Despite the positive developments in the economy, the political climate began to change from 2013. From then on, there was a systematic erosion of institutional structures. As the government won more elections and strengthened its hold on power, it became easier for the administration to intervene in the independence of the institutions. In the same period, the outflow of capital at the global level, due to the 2013 ‘taper tantrum’, meant that the effects of political instability on the economy spread much faster.

The coup attempt of 2016 was the single most important event in the altered political climate of Turkey. In its wake, the government gained the ability to directly influence all aspects of public life. The institution where government pressure can be seen most clearly is the central bank. Having earlier spoken out in favour of interest rate cuts, President Erdoğan then began to enforce the idea by dismissing central bank governors. As a consequence, interest rate decisions in Turkey began to be taken without regard for the objective of maintaining price stability. The upshot was that the Turkish lira depreciated sharply. Following the policy rate cuts (which were carried out in defiance of any credible economic theory), the sharp lira depreciation and mounting inflation meant that the policy rate had to be hiked back up. This happened following exchange rate shocks in August 2018 and November 2020. However, since the inflation expectations had already deteriorated due to the loss of confidence in central bank policies, these interest rate hikes could not forestall the jump in inflation. Moreover, the abrupt interest rate rises resulted in a sharp decrease in the growth rates of the economy in 2018 and 2020, while the outbreak of COVID-19 led the 2020 exchange rate shock to be felt even more profoundly (Figure 1).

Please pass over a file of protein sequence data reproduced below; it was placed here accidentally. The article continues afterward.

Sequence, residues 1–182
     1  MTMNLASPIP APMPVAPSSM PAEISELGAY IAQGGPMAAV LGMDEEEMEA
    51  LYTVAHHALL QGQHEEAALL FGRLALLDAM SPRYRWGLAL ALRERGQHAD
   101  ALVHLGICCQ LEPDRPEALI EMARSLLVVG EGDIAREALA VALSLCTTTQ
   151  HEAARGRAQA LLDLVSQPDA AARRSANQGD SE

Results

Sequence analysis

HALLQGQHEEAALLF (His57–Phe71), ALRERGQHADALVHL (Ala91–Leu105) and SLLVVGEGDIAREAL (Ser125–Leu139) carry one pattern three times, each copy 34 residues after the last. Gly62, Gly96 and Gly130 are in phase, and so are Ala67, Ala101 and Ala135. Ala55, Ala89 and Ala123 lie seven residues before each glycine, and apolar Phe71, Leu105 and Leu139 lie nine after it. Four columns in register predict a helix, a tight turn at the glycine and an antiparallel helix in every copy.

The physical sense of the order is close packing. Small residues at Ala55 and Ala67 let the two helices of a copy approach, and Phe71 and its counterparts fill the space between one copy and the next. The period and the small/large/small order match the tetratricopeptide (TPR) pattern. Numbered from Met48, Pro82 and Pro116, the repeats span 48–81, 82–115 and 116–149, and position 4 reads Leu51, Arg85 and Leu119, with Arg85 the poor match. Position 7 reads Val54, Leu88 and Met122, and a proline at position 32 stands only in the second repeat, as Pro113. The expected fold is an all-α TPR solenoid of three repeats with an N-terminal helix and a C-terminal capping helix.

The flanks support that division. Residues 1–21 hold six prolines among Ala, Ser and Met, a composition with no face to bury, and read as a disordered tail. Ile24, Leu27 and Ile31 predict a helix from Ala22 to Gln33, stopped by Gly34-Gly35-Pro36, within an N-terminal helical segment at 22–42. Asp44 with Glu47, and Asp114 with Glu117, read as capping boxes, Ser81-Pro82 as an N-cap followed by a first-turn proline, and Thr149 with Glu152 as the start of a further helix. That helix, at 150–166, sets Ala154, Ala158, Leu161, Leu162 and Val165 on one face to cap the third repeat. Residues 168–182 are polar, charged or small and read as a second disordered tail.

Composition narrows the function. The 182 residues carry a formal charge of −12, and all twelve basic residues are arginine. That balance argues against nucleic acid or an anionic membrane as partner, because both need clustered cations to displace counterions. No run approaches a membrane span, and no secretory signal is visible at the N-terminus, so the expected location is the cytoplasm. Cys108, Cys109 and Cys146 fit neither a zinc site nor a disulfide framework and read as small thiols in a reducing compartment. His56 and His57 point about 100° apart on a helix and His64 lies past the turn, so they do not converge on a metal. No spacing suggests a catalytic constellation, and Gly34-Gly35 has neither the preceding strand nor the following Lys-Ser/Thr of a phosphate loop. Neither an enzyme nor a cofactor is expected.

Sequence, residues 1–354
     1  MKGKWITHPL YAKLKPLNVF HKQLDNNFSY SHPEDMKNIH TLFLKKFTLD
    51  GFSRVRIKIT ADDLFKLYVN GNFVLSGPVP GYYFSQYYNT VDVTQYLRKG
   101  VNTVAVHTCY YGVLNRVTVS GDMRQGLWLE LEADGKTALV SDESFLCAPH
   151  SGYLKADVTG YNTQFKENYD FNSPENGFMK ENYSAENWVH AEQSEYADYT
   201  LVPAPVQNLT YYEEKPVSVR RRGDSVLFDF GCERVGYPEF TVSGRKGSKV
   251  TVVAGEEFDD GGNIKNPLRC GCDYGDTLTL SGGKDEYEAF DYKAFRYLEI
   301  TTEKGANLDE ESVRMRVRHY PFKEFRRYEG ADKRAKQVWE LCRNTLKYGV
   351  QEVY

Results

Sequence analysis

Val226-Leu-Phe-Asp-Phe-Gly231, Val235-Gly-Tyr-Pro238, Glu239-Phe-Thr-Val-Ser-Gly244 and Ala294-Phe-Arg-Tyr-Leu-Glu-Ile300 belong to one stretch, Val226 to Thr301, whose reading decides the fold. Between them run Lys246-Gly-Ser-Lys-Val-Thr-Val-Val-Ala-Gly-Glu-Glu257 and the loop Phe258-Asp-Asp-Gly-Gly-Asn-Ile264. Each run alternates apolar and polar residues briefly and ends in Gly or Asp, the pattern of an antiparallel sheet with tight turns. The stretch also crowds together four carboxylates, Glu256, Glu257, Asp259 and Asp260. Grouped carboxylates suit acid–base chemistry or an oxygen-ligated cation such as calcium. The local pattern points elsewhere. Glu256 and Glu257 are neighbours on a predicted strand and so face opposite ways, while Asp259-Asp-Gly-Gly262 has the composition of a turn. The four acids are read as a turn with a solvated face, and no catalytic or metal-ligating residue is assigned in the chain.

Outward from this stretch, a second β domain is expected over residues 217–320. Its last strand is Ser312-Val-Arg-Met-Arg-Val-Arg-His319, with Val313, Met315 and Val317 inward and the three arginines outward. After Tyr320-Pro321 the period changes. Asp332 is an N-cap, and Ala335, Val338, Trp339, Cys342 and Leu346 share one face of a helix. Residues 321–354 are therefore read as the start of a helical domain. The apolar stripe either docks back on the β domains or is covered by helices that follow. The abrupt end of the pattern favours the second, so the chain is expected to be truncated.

Expecting the right result from the same wrong decision

The Turkish economy has faced the same scenario over the past few months. Despite inflation being well above target, the policy rate has been cut at each of the last three Monetary Policy Committee meetings, taking the real policy rate ever deeper into negative territory. As a result, the Turkish lira (TRY) has gone into freefall. The US dollar, which was worth TRY 8.30 at the beginning of September, rose above TRY 10 and reached almost TRY 13.00 following the last policy rate decision (Figure 2).

The reduction in the policy rate to 15.00% means that the exchange rate is likely to remain highly volatile and the currency could depreciate further. Although the administration of the Central Bank of the Republic of Turkey (CBRT) described the exchange rate increase as a deliberate ploy, in line with the aim of narrowing the current account deficit, the bank has not been able to convince the public of this. Too-low real interest rates and the ensuing lira depreciation have created significant difficulties for Turkish companies and households.